Lito

Ok, I know, but I haven't talking about finger, but about the moon.

Nested ifs, globals, simple comparisons, code not clear, not spaces, etc...

Here my constructive contribution to this article, using same functions and idea about Drupal.

<?php
define('PUSHOVER_APP_TOKEN', 'aKH8Nwsdasdanl342jmsdaBWgoVe');
define('PUSHOVER_USER_TOKEN', 'uCpygdjfsndfi7233sdasdo33Yv');

function pushover_send($vars)
{
    if (!defined('PUSHOVER_APP_TOKEN') || !defined('PUSHOVER_USER_TOKEN')) {
        return false;
    }

    $error = false;

    $push = new Pushover();
    $push->setToken(PUSHOVER_APP_TOKEN);
    $push->setUser(PUSHOVER_APP_TOKEN);
    $push->setTimestamp(time());

    if (array_key_exists('error', $vars)) {
        $error = $vars['error'];
        unset($vars['error']);
    }

    foreach ($vars as $key => $value) {
        if (method_exists($push, $key)) {
            call_user_func_array(array($push, 'set'.$key), array($value));
        }
    }

    if ($push->send()) {
        return true;
    }

    if ($error) {
        watchdog('Pushover', $error, array(), WATCHDOG_ERROR, NULL);
    }

    return false;
}

/**
* Implements hook_comment_insert().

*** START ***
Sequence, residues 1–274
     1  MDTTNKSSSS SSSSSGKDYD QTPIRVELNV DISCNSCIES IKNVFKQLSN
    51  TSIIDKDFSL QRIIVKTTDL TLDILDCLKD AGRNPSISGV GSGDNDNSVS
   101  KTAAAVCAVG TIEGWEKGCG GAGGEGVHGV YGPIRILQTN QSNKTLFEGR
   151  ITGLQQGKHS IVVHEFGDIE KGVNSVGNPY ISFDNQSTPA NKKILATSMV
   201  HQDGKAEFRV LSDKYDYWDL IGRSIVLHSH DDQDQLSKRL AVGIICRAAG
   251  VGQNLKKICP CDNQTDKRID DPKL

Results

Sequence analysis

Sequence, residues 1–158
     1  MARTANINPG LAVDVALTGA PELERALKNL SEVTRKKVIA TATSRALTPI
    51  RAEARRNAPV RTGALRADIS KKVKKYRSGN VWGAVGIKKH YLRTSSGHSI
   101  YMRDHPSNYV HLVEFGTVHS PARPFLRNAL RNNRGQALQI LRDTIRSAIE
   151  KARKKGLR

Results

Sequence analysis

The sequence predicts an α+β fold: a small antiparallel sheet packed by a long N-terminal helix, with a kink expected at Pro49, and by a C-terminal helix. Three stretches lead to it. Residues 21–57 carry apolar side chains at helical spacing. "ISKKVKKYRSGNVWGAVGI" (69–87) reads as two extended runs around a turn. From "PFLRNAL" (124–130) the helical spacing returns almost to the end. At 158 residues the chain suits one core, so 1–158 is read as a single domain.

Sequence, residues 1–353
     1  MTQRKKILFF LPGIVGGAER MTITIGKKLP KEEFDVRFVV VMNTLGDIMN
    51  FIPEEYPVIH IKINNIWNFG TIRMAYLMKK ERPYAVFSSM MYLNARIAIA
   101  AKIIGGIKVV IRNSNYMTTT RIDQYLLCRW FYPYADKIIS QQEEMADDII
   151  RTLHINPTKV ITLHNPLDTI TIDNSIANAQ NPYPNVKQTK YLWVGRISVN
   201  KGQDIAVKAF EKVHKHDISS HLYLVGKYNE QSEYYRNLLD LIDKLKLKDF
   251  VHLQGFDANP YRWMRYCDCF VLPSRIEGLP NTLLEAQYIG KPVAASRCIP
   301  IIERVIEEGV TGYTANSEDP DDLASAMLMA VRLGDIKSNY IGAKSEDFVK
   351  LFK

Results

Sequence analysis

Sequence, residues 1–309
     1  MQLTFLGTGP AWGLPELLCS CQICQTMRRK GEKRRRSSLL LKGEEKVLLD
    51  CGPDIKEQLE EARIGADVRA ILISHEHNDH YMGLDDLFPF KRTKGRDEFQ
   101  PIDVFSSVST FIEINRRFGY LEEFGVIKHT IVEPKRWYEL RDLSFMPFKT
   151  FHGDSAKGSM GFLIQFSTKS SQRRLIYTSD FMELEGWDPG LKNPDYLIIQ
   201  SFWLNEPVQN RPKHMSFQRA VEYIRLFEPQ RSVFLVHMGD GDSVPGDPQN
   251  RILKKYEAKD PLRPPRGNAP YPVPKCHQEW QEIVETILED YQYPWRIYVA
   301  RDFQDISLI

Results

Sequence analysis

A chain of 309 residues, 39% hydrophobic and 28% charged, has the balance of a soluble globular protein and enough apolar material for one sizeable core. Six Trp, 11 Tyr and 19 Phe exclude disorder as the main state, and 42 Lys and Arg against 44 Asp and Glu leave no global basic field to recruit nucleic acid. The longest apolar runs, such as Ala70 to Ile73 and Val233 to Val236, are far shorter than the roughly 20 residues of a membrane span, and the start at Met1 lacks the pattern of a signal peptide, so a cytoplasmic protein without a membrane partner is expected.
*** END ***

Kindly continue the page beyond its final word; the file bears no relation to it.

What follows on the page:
*/
function pushover_comment_insert($comment) {
    if (($comment->status !== 0) || ($comment->is_anonymous !== true)) {
        return false;
    }

    return pushover_send(array(
        'title' => 'New comment on ' . variable_get('site_name') . '!',
        'message' => 'Subject: ' . $comment->subject,
        'url' => url('/node/'.$comment->nid.'#comment-'.$comment->cid, array('absolute' => true)),
        'device' => 'Nexus',
        'error' => t('A comment has been created but there was an error pushing that over.')
    ));
}

/**
* Implements hook_user_login().
*/
function pushover_user_login($account) {
    if (($account->uid !== 1) || in_array(ip_address(), array('1.1.1.1'))) {
        return false;
    }

    return pushover_send(array(
        'title' => 'Admin user sign in',
        'message' => 'Admin user has logged into this site: '.variable_get('site_name').'!',
        'url' => url('/', array('absolute' => true)),
        'priority' => 2,